CCCBR Meeting with English Heritage

Notes of a meeting held at 23, Savile Row, London, W1 on Wednesday, 6th March 2002

English Heritage - Richard Halsey, Graham Pledger, David Heath

CCCBR - John Anderson, Michael Henshaw, Alan Frost, Ian Oram

1. The Joint Churches Grants Scheme

John Anderson reported on a meeting on 12th February with Judy Cligman, Deputy Director of Policy at the Heritage Lottery Fund. He had emphasised that ringing in all its aspects was part of our heritage and then identified areas which HLF might want to support: bells, frames and fabric; education, training and recruitment; and recording of frames.

Judy Cligman had explained the plan for future funding; at this point David Heath handed over copies of a letter being sent to all Archdeacons concerning the proposed Repair Grants Scheme for 2002 - 2005, which specifically excluded bells. John Anderson noted that bells were to be dealt with under the separate scheme "Your Heritage"; HLF were to take advice from CCC on the criteria for this: Ian Oram was meeting CCC representatives the following week to explore how CCCBR could assist.

Judy Cligman was interested in our work on the National Bells Register. Richard Halsey commented that the Essex bellframe survey, for which Judy had been the overall controller, had shown how much such work costed and the problems encountered. Alan Frost asked where the Bells Register stood in relation to "Dove" and the County collections - some Counties had recently been updated, e.g. Northamptonshire and Hertfordshire. David Heath felt that work on records was an area worth pursuing with HLF; while some of the work would be on a voluntary basis, professionals may also be involved and HLF might fund that aspect. John Anderson noted that HLF support was also likely if young people could he involved in the work. Richard Halsey pointed out that if a national recording project was contemplated incurring costs in excess of £50,000, a mainstream application would be necessary. He also drew attention to "Awards for All" which gave grants up to £4,000 for local initiatives: these were suitable for very small schemes in the local community where the bulk of the work was voluntary.

John Anderson had spoken of the work of Ringing Centres and the training facilities they provided; this was another area that Judy Cligman thought had potential; she suggested contacting HLF's Education Policy Adviser.

Altogether the meeting had been most useful; John Anderson thanked David Heath for suggesting the contact with HLF. Copies of the notes of the meeting would be provided, as soon as they were agreed with Judy Cligman.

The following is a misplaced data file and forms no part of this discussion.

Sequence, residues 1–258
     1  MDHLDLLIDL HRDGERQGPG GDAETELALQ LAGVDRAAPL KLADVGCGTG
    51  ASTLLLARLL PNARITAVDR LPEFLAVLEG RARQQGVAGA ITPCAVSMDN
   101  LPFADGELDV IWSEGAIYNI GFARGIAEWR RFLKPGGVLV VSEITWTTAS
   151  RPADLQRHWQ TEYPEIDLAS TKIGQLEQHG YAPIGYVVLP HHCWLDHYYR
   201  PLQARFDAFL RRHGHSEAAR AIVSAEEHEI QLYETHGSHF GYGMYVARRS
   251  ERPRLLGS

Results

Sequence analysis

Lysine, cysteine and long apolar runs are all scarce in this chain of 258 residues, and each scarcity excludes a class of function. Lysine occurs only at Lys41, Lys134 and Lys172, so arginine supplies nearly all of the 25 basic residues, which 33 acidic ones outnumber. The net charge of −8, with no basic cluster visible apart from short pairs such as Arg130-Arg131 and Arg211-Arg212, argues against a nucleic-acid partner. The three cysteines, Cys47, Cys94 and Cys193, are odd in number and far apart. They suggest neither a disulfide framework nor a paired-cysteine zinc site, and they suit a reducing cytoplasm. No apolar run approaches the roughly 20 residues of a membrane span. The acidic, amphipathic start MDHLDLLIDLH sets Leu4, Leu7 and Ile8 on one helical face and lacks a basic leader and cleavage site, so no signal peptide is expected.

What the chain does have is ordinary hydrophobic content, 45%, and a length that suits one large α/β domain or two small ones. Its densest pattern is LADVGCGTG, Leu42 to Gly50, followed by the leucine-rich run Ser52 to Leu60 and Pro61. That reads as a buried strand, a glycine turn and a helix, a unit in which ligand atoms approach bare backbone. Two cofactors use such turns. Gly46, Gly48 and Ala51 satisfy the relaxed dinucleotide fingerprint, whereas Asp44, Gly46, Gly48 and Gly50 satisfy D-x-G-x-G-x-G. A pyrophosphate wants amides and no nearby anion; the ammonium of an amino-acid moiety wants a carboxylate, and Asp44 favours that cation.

2. VAT Relief - Listed Places of Worship Grant Scheme

Richard Halsey reported that the Scheme in operation was suffering administrative problems - original invoices not being available, etc. The appointed contractors were having difficulty making the scheme definitions work; if they thought an application was ineligible, the matter was referred to DCMS and thence to EH; it had been hoped that few queries would arise, but many (some quite ludicrous) were taking up much staff time.

David Heath commented that although the 2-year contract was due to run out in April 2003, nothing will be ready then to replace it; the contract would possibly continue for at least another year. With the European Community thinking about enlargement, it was desirable that legislation became simpler and therefore special arrangements for member countries less likely; since the UK had identified problems with VAT on historic buildings and devised a way of giving relief, it seemed probable that the Grant Scheme would continue. David Heath thought that with the change in timescale there would be capacity in the scheme for some extensions. The Government had given an open-ended commitment even with marginal cases; David Heath said that even if an applicant was unsure whether a case was worth pursuing, he should still submit an application as EH was keen for the Scheme to be seen to be operating. Richard Halsey commented that the Government would be giving careful consideration to future VAT liabilities of work; it had made proposals for a 5% rate; although the EEC was committed to reviewing the position in 2003, it was likely to be many months later before any change became effective. David Heath confirmed that Government seemed to be committed to a 5% rate for Places of Worship and was even considering widening the scope for this rate. Any further change in VAT might be fiscally neutral, due to the effect of the black economy, a new rate on developments etc.

3. Heritage Strategy Review